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Trischler, Helmuth and Bud, Robert (2018): Public Technology: Nuclear Energy in Europe. In: History and Technology, Vol. 34, No. 3-4: pp. 187-212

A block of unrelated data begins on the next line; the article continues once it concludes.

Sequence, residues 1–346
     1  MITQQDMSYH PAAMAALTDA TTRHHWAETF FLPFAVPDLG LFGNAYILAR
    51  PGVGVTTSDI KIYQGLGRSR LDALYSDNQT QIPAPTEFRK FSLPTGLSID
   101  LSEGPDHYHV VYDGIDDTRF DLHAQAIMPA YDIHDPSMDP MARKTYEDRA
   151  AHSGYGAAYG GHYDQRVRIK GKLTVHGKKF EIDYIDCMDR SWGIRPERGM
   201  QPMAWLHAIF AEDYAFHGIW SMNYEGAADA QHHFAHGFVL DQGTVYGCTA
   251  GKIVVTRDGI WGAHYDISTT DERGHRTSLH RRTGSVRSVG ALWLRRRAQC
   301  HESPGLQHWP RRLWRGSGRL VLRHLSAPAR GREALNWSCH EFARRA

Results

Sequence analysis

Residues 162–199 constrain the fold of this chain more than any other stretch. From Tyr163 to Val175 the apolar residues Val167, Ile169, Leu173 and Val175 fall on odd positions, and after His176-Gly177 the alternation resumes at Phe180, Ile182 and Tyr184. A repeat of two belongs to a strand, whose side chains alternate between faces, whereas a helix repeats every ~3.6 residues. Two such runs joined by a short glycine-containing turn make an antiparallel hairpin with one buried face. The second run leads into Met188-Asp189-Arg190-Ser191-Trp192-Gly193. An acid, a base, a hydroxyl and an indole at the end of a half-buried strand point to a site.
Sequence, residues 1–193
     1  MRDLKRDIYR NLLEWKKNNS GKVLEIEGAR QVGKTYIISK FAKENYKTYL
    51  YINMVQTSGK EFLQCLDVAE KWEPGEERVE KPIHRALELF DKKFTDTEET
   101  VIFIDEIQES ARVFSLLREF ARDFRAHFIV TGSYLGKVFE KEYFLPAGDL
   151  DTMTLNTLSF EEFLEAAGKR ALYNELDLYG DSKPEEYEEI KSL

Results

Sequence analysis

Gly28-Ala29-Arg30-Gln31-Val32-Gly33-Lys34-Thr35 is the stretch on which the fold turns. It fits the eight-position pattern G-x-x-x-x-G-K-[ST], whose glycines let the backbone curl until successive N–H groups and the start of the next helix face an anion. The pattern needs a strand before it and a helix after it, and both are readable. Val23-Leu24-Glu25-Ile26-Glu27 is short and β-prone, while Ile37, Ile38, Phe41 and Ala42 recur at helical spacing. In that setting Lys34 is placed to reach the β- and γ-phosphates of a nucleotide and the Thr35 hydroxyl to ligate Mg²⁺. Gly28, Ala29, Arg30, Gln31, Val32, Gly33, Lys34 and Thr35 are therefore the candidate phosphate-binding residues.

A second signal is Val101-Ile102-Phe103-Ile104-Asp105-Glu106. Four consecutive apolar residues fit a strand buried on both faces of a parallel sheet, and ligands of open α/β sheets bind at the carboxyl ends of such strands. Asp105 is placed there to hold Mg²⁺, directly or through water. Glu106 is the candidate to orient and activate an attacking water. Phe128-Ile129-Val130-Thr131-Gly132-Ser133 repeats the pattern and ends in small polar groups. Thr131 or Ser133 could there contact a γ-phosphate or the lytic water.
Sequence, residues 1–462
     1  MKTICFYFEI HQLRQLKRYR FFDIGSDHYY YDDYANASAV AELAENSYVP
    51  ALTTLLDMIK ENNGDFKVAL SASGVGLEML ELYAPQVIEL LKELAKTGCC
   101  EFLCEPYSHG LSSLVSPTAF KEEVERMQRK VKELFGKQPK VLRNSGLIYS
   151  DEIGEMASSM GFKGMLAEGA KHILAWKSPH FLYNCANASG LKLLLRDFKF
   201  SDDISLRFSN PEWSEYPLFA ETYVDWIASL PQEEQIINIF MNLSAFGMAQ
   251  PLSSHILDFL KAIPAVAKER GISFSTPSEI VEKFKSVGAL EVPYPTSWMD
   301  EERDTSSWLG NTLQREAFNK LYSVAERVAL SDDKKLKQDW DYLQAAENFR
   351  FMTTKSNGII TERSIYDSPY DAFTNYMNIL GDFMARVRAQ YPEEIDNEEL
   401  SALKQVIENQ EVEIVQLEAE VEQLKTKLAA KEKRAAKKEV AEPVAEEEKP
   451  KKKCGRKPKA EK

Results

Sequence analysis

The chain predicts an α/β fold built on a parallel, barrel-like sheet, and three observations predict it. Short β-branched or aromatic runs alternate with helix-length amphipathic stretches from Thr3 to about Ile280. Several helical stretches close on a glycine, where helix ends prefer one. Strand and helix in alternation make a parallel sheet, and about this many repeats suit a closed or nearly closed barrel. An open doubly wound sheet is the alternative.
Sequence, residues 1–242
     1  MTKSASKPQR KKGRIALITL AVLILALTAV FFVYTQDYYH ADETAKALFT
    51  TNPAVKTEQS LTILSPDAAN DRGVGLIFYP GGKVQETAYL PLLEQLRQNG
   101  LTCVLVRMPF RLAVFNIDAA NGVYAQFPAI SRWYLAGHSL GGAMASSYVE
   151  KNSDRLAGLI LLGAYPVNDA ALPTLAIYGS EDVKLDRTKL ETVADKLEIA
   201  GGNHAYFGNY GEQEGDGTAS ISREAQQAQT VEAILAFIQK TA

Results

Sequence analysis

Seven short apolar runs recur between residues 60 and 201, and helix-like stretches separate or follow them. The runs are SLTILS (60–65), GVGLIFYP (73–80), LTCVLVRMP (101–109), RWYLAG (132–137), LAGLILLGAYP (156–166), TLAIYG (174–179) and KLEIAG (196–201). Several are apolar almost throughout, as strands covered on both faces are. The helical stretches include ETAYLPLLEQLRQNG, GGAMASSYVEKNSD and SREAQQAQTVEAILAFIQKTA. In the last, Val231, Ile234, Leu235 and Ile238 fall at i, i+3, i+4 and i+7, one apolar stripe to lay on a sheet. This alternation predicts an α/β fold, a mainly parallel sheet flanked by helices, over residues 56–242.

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The concept of ‘public science’ has been fruitfully used to indicate the intricate interrelatedness of science and society. In studies of knowledge and its publics, however, technology has been routinely subsumed under science and the distinctive nature of technical knowledge neglected. We are aiming in this article at conceptualizing the public nature of technologies. First, we start with surveying the literature on public science. Second, we scrutinize various conceptual approaches to better understand the social and cultural factors embedded in technologies. In so doing, we reflect upon the twentieth-century history of technologies as public things. Third, we focus on nuclear energy in Europe as an exemplary case of a large-scale technology which has been shaped as part of public culture. We suggest that the specificities of the nuclear as a publicly shaped societal entity can be understood as an example of the wider category we propose to call ‘public technologies’.

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